Sunday, September 15, 2019

Small spill at Standard Mine not expected to impact town watershed

by Mark Reaman

The accidental spill from a holding pond at the Standard Mine reclamation project west of Crested Butte is not expected to have any negative impact on the town’s drinking water. The spill occurred late Wednesday and is believed to have involved approximately 2,000 gallons of water and gray-colored sentiment.

The town issued a press release Thursday afternoon stating that the Environmental Protection Agency (EPA) notified them of the accident Wednesday evening. The town was told that a contractor had been dewatering the pond “containing un-mineralized sediment from drilling operations and water from the lower mine adit. The contents had been treated to a neutral PH of 7. The treated water from the pond was being discharged into Elk Creek as part of a planned maintenance activity. A vacuum truck siphoning clear water from the surface of the pond accidentally dipped into gray-colored sentiment leading to the accidental discharge of sediment and gray-colored water into Elk Creek. The discharged material contained a mixture of PH-neutral rock slurry and water from the mine.”

In a statement from the EPA headlined “Standard Mine Vacuum Truck Release”, the agency said local and state governments were notified right away. “EPA immediately notified the Town of Crested Butte water treatment plant and called the Colorado Department of Public Health and Environment spill hotline that an EPA contractor dewatering a sediment pond into Elk Creek at the Standard Mine Superfund Site released an estimated 2,000 gallons of water and sediment into nearby Elk Creek,” the statement relayed.

“Based on the neutral pH levels, the quantity of water released, and flow levels downstream in Coal Creek, the Town of Crested Butte did not close its water intakes. Subsequent investigation found no visible plume or signs of significant impacts in downstream locations.  All work on the sediment pond is complete. The EPA continues to coordinate closely with Crested Butte officials on this matter.”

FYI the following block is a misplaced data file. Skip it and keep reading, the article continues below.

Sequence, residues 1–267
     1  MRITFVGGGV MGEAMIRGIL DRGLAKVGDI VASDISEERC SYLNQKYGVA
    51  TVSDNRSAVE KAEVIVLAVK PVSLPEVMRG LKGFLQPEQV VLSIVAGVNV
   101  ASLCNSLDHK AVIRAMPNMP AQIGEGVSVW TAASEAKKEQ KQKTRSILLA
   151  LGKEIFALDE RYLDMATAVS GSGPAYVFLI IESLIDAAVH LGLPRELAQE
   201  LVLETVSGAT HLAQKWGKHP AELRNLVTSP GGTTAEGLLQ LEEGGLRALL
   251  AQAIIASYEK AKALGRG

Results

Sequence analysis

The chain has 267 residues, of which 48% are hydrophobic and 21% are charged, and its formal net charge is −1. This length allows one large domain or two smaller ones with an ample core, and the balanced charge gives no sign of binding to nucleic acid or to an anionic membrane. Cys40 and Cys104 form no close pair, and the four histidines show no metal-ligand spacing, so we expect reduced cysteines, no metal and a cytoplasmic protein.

The town’s statement on the matter explained that based on the size and content of the spilled material, the flow levels downstream and the 10-million gallon storage reservoir at the Crested Butte treatment plant, “the Town Department of Public Works has determined that any impact to the town’s drinking water would be negligible.”

According to the EPA, the pond was constructed to retain sediment, pulverized un-mineralized rock from drilling operations, and water discharged from the lower mine adit. The water contained in the sediment pond had been treated to reduce acidity to neutral pH levels and was being discharged to Elk Creek as part of planned maintenance activity at the site.  The release occurred when a vacuum truck siphoning water from the surface of the pond dipped too low and siphoned sediment material from the bottom of the pond, leading to the discharge of the sediment and grey-colored water to Elk Creek.  The material released to the creek contained a mixture of pH-neutral pulverized rock slurry and water from the mine.

The town has hired an independent contractor to perform testing to ensure that there is no negative impact to the Town watershed or drinking water. The town and EPA are working together on the follow-up to the accident.

We will have more information on the incident in the October 16 issue of the Crested Butte News.


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